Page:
This week I went to see After Miss Julie at the Everyman Palace Theatre in Cork.  The play is produced by London Classic Theatre, a company whose plays I have seen and appreciated before, and directed by Michael Cabot.

After Miss Julie is Patrick Marber’s revision of a Swedish play by John August Strindberg.  You might better know Marber for writing the play and film Closer, and one can find a similar interest in complex sexual relationships in both works.

After Miss Julie is set just after the war in Britain.  Unmarried couple, Christine (Helen Barford) and John (Andy Dowbiggin), work for a lord, whose daughter, Miss Julie (Kathryn Ritchie) uses and abuses the power her position gives her to seduce John.  Although John loves Christine, he is consumed with desire for Miss Julie, while at the time remaining aware of the potential consequences of this affair.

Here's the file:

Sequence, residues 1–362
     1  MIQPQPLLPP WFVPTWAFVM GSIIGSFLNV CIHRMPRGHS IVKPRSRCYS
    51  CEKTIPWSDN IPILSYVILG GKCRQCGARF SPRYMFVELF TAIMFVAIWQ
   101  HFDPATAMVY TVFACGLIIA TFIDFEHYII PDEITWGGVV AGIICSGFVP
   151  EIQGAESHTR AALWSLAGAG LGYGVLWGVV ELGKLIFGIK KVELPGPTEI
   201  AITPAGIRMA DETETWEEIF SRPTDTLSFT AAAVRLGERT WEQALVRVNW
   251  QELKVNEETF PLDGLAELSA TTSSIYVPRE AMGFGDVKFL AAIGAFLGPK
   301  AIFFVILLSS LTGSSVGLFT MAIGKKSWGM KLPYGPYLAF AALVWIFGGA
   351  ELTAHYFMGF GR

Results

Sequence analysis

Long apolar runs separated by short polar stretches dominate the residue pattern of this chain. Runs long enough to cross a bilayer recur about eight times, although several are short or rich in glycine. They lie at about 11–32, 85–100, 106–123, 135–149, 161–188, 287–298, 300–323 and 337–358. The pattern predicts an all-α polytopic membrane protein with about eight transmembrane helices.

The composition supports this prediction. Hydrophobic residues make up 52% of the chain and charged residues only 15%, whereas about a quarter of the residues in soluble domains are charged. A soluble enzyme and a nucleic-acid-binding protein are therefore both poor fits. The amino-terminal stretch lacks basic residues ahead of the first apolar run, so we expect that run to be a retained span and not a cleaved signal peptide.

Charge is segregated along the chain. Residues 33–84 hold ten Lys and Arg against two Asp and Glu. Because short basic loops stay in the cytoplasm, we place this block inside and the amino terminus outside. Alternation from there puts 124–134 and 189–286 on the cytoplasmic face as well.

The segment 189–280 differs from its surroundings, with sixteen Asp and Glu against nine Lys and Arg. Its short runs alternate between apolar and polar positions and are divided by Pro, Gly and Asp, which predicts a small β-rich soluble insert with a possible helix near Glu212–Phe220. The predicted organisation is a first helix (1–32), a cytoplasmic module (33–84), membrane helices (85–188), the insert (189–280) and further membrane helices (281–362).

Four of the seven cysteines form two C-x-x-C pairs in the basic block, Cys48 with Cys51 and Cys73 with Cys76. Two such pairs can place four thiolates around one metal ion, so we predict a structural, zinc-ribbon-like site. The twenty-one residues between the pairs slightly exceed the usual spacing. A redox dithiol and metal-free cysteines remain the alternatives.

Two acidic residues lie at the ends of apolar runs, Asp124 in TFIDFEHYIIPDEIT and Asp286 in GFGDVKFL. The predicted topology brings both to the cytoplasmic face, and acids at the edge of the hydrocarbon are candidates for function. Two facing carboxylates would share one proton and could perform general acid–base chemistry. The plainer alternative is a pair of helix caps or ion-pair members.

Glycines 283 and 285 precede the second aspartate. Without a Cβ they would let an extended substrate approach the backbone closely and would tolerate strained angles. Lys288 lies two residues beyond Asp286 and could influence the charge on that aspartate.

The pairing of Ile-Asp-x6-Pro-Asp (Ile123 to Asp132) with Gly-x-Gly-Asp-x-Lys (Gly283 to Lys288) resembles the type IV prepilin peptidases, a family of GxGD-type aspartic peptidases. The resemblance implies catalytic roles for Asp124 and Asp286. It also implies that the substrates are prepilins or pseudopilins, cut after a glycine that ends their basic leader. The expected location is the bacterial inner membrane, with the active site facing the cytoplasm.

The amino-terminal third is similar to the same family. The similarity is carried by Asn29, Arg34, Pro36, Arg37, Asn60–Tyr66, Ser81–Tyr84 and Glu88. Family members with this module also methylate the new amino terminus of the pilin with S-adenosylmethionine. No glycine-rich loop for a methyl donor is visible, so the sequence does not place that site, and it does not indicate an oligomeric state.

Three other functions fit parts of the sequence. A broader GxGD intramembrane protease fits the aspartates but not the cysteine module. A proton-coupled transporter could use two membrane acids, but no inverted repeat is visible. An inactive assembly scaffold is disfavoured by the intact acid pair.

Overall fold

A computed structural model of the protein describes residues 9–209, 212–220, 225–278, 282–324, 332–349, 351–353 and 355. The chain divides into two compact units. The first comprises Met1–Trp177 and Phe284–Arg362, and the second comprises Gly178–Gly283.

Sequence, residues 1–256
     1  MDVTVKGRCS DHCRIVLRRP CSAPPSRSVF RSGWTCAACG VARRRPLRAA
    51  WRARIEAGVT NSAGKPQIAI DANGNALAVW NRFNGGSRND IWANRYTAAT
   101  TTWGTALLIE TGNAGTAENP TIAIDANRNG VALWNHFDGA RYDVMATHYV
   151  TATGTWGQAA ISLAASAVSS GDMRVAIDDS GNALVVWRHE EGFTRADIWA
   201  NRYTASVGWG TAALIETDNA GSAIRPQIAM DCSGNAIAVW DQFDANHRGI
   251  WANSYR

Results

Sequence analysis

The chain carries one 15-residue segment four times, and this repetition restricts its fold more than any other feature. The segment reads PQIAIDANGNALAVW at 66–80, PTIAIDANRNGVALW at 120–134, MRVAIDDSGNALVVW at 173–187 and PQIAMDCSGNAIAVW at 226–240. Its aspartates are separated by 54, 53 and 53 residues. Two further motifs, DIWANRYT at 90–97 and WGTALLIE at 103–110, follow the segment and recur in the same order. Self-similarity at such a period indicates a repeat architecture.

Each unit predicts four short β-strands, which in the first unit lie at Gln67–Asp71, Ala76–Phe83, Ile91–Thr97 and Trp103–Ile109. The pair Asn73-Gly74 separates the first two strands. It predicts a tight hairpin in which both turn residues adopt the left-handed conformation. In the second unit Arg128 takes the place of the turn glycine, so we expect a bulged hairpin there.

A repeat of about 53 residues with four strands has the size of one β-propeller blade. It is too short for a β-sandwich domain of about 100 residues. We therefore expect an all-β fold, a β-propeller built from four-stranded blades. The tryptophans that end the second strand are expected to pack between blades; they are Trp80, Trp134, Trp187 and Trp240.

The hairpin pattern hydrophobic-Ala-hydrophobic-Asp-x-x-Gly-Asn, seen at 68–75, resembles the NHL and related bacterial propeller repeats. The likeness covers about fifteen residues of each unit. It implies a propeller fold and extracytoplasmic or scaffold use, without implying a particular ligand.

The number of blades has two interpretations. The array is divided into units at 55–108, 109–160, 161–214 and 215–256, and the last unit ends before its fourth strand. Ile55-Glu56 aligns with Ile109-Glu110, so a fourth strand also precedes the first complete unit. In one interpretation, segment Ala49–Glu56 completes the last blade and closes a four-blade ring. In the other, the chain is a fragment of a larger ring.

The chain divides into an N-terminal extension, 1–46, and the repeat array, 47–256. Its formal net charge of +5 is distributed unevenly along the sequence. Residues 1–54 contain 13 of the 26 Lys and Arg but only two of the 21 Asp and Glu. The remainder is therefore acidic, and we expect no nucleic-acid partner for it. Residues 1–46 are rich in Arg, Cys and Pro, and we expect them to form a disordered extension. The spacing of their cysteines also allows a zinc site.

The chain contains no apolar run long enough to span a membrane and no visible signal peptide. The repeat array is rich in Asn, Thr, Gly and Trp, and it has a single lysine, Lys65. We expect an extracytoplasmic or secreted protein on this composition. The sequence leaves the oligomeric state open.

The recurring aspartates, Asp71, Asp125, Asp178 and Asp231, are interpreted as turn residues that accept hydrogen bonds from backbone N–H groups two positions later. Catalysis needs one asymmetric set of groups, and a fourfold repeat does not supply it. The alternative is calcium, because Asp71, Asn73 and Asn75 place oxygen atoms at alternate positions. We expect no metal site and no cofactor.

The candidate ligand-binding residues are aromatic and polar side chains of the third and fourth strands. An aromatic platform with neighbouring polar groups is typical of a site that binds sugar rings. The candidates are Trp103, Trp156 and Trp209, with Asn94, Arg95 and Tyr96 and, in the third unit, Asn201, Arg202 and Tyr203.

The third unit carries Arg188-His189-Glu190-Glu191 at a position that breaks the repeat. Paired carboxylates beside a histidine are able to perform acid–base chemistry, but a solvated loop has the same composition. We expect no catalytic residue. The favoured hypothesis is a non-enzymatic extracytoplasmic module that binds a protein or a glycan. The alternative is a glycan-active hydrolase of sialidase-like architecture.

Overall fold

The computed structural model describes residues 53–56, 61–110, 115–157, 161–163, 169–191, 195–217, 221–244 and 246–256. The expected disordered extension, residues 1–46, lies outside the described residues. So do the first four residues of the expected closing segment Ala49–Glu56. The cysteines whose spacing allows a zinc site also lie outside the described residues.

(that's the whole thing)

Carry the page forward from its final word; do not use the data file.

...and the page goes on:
The play is raw and emotions are brought to their extreme, including onstage passionate scenes.  The protagonists keep oscillating between love and hate, which becomes a little bit irritating at times, and their affair is passionate and doomed.  The acting is excellent and renders the complexity of this triangular relationship with accuracy.  I found Ritchie’s performance as the rich powerful girl particularly remarkable and her character is more complex than it appeared at first.

I would also give a special mention to Pete Foster for the lightning.  It added so much to the atmosphere of a play that does not rely on plot.